Nativity Ritual

Each year I look forward to the ritual of setting out various handmade nativity sets. The story is a universal one, that of bringing the life of God into the world. I have found depictions of various expressions of this story in different cultures, religions and peoples around the world. A miraculous conception and birth, signs of the coming divine presence, humble witnesses, wise seekers, the bringing of good news. Like countless people now and throughout time, I hunger for such a story.

The nativities that contribute to my yearly ritual show the hand of their maker. The unique expressions, ethnic features, animals native to far off lands, even fingerprint impressions left in clay figures – all speak of a person who pictured themselves in this story, this experience of being a part of bringing God into the world. In the ritual, I consider the role of each person or creature, and how it contributed to the story. Then I consider how I might be doing something in that way now that would presence the life of God now.

This year, I am thinking of an expanded story, and parts of it that are not depicted in most Nativity sets.

Last March, Mike and I were in Israel. We had a rich experience there, much of that was due to the local guides who helped us learn many aspects of the cultural and spiritual history.

When we spent a day in Bethlehem, our guide was a Catholic woman whose ancestral connection to the town went back for many centuries. After visiting the traditional site of the Nativity, she took us to a nearby site that is considered to be that of the Inn where the couple was turned away. She shared a perspective I had never considered. She said that Mary and Joseph would have come to Bethlehem expecting to stay with family. Custom dictated that family would have accommodated them. But there is local lore that says the relatives of Mary and Joseph who owned the Inn, or hospitality house, did not approve of this marriage of Joseph to a woman who was already pregnant. It wasn’t so much there was no room in the Inn, it was that there was no room in their hearts for anyone who did not meet their standards of propriety. Our guide shared insight, saying that even though these family members did not make room for God to come into the world because of their disapproval – God still came into the world. The family members are the ones who missed out. Our guide asked us to have room in our hearts and minds for God to be born and live among us, even and especially in ways we would never expect, for God will come somehow. We can either choose to be a part of it, or miss out on it because we have no room.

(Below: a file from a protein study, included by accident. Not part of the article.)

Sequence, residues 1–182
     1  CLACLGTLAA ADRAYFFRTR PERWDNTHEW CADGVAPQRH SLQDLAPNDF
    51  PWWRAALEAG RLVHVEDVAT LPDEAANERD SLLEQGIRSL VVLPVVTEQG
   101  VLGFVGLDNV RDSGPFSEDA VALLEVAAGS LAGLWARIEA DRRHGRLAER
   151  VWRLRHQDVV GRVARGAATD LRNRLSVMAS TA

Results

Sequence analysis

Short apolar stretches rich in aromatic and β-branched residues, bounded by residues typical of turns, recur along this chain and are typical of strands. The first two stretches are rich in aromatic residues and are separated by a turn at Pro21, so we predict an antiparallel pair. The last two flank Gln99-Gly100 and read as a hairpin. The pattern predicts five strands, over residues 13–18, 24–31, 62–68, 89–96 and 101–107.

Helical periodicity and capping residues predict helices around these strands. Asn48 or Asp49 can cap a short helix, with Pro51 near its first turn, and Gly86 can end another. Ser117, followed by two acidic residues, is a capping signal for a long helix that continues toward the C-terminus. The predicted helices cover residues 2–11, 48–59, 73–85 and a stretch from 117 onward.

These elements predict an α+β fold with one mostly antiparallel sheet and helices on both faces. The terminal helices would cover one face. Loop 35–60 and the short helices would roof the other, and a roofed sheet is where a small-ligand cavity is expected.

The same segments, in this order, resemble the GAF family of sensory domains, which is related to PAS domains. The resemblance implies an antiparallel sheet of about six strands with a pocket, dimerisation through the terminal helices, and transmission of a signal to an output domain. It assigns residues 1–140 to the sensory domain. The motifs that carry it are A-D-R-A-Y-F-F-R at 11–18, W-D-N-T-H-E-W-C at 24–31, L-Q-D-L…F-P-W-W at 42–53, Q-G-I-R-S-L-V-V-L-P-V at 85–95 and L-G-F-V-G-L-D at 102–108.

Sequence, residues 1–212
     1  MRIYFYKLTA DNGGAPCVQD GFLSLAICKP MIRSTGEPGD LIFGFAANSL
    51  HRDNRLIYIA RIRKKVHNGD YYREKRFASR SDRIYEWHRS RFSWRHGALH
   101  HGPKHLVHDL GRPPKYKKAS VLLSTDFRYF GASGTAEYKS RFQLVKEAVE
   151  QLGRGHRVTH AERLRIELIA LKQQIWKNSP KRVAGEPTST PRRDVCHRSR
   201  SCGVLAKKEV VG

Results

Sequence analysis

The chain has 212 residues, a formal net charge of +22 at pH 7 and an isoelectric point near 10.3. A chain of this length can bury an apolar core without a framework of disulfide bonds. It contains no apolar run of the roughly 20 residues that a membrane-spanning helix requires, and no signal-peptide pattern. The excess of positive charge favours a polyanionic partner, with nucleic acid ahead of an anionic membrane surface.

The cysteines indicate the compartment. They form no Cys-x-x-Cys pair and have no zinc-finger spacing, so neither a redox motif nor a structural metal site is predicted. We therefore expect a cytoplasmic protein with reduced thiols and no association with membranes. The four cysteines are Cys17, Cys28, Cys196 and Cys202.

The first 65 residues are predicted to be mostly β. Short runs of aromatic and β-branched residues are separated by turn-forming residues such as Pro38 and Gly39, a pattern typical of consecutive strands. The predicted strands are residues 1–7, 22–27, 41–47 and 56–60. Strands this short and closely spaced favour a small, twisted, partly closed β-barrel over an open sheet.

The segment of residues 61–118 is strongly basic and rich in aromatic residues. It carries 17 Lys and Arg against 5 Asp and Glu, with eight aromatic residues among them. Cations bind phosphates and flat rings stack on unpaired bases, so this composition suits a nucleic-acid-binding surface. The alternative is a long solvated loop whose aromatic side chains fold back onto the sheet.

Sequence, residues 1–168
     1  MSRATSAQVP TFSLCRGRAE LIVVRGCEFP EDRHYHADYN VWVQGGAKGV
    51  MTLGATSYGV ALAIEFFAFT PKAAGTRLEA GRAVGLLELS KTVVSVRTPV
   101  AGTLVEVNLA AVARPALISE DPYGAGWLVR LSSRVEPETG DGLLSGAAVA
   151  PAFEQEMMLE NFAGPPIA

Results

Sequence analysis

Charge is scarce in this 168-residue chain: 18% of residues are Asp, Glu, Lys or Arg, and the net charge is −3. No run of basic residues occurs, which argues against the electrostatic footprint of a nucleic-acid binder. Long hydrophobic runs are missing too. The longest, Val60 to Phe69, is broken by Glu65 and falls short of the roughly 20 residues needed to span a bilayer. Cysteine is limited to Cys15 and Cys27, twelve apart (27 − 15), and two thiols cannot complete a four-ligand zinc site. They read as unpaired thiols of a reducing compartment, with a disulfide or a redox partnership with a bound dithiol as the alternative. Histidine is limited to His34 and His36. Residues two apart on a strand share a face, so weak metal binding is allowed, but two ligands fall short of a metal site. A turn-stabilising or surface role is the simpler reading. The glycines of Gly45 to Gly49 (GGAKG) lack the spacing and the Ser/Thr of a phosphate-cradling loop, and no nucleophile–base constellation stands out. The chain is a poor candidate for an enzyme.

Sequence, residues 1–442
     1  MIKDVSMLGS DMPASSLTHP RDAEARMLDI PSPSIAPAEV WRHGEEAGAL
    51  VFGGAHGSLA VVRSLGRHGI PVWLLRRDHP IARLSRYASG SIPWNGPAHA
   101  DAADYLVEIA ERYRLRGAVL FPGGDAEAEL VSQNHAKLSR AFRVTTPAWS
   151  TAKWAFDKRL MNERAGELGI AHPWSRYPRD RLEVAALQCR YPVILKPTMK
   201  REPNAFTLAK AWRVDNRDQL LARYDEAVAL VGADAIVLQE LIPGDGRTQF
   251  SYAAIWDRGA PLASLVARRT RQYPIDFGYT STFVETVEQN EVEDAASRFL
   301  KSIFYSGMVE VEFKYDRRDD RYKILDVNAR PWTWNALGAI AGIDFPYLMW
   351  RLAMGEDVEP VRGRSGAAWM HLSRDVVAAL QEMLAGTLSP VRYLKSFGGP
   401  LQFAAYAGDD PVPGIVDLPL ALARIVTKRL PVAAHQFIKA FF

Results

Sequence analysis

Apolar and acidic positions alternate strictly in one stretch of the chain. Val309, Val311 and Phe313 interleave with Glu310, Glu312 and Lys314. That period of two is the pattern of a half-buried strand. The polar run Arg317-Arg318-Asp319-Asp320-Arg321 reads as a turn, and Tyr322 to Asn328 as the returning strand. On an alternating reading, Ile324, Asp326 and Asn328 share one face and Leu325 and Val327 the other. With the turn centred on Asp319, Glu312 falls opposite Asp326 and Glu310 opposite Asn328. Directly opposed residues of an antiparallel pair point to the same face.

She asked us to not turn away those who have been condemned by society, or tradition. This is how God comes to the world.

Now, as I set out another Mary figure, I think of God as anyone whose existence is denied, whose life is at risk, because so many in power shut the door to their voice, their bodies, their presence – and I think of how salvation comes to the world each time room is made for them.

I only have one nativity set that includes a figure of Elizabeth. She is there, carrying her baby John on her back. I often think of this part of the story. Mary hungered to see, to be with a wise woman at this time of entering the unknown. I picture Elizabeth hurrying to greet her, and somehow recognizing the sudden motion of recognition in the life within her. Then her joyful crying out the good news, “There is life in me that sees God is in the world, and God is in you.”

I think we each have life within us that is able to recognize and create God in each other. I think we can help that life grow, and continue to witness the many ways people contribute to the presence of God in the world.

For me, the wonder and transformative power of the story of God being born into the world is not only that it happened long ago – but that we, like so many then, can be a part of making it happen now.

There is life within me that leaps with joy when I see God in others.

My Nativity ritual now calls me to practice this always.

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